Since the release of her second album, Halycon, in October 2012, British singer Ellie Goulding has toured with Bruno Mars, played major music festivals, contributed a track to The Twilight Saga: Breaking Dawn Part 2 soundtrack and released an expanded version of that album, Halcyon Days, which spawned her first number one U.K. hit in “Burn.” Later this month, a new track called “Mirrors” will appear on the Hunger Games: Catching Fire soundtrack, and she’s already starting to think about her next album. Rolling Stone recently spoke with Goulding backstage at the Hollywood Bowl, where she was preparing to take part in Katy Perry’s We Can Survive benefit.
Have you started working on new material?
I have songs I could easily put on a third album, but I want to start it completely fresh and new. I feel like I need to be in a very different place to start a new album, so they need to be all done together, the same way that I did Halcyon. I could easily put one together with songs I have, but that’s definitely not what I’m going to do. There’s a few people I want to work with around the world, so I don’t know how that’s going to work. I’ve got a few people in mind I’m going to experiment with.
Can you tell us a few people?
I love Greg Kurstin, who did “Goodness Gracious” and “Burn” and a few other things for me. There are so many people – I’m even going to get in the studio with Ben [Lovett], from Mumford & Sons. There are so many different things I want to do. When I met up with Jim [Eliot] and Halcyon happened, I knew it was right, so it’s going to take a few experiments and I’ll know what’s going to be right for the third record then. I don’t know what the next record’s gonna be about, but when I’m there, I’m there. And obviously my voice is always the things that ties everything together, so when I put my voice over something, it all comes together. So I’m just waiting for the right person.
What are the issues and topics that are important to you as you begin work on the third album?
The mindset I’m in the moment is I don’t necessarily see myself writing about relationships again, or my personal life. It’s not something that’s my priority anymore, and it’s weird when that happens, because I’ve forever written about my personal life and forever written about relationships. But in terms of women in music being outspoken, having something to say, I realize I do more than I think. I have opinions, but I never want to go straight to Twitter or straight to a blog and write it all out. I keep a lot of stuff up here, because I did an interview a few days ago with the BBC at the Q Awards and I was being asked about Miley Cyrus and other things, and suddenly I found myself just having so much stuff to say. I was really passionate, almost angry. When people say negative things about people, that makes me angry. But I’ve stopped being very outspoken on Twitter. It doesn’t help me, it doesn’t help my mind, and I don’t want to force my views on people. So I just post pictures of cats, that’s my thing – keeping it trivial, keeping it simple. I still believe in mystery. People talk about my relationships and people talk about me a lot, especially at the moment in the press, and I don’t acknowledge it. I don’t need to. I don’t feel like it’s my responsibility. I don’t feel like I’m supposed to respond to things, and that’s how I want to keep it. If you ask me something specifically, I would answer you because you asked me, but I would never just come out with stuff.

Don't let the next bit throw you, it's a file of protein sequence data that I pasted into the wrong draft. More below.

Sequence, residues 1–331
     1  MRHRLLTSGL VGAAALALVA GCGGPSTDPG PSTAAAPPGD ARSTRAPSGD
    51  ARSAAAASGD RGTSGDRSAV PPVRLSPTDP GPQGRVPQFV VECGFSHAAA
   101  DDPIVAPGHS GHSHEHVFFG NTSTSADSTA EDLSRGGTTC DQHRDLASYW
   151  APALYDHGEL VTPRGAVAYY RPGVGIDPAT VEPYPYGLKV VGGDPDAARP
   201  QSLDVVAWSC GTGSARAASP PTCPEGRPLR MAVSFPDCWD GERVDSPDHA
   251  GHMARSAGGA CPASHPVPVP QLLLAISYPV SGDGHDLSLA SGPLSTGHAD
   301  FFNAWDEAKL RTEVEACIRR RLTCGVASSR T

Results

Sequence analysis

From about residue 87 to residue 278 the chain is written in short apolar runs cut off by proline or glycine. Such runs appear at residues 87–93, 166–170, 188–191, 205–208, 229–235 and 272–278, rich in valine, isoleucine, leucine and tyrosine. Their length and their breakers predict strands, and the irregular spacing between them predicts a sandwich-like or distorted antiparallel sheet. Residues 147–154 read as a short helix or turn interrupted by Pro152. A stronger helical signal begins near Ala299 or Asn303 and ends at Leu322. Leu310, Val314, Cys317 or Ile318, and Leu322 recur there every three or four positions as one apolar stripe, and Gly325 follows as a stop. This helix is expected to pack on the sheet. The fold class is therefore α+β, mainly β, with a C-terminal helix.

Do you feel artists are criticized more for having opinions in public today?
If I’m asked about my opinions on things and what my stance on things is, I’ll give an answer, but I don’t always feel comfortable putting it out there. I have opinions on things, I read up on things a lot, but it doesn’t benefit me as a musician to go and say all these things. I’m a vegetarian, but I don’t go around being like, “You shouldn’t eat meat.” If I’m asked about it then I’ll talk about it.